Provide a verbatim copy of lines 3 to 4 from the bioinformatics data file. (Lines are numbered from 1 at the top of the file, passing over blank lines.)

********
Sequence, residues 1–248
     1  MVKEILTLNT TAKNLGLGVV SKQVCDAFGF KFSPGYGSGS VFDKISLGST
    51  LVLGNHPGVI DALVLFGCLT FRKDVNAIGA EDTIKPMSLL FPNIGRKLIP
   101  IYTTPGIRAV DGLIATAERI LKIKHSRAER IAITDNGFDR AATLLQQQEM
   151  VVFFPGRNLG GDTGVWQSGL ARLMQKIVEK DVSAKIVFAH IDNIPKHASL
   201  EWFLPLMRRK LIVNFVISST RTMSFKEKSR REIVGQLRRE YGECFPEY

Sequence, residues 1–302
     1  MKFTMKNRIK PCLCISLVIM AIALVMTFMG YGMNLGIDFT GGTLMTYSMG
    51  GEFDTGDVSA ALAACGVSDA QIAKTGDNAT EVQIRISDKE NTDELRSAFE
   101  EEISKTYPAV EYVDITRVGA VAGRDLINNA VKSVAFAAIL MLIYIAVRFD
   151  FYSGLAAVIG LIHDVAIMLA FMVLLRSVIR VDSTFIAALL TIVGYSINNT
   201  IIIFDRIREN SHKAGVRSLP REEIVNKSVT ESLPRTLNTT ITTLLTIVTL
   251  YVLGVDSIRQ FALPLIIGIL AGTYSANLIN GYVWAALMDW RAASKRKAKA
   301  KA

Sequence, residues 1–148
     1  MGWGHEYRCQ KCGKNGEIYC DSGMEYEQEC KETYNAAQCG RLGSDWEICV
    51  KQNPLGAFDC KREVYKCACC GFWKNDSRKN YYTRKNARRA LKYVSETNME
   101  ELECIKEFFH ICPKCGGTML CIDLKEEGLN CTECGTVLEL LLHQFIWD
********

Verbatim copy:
    51  LVLGNHPGVI DALVLFGCLT FRKDVNAIGA EDTIKPMSLL FPNIGRKLIP
   101  IYTTPGIRAV DGLIATAERI LKIKHSRAER IAITDNGFDR AATLLQQQEM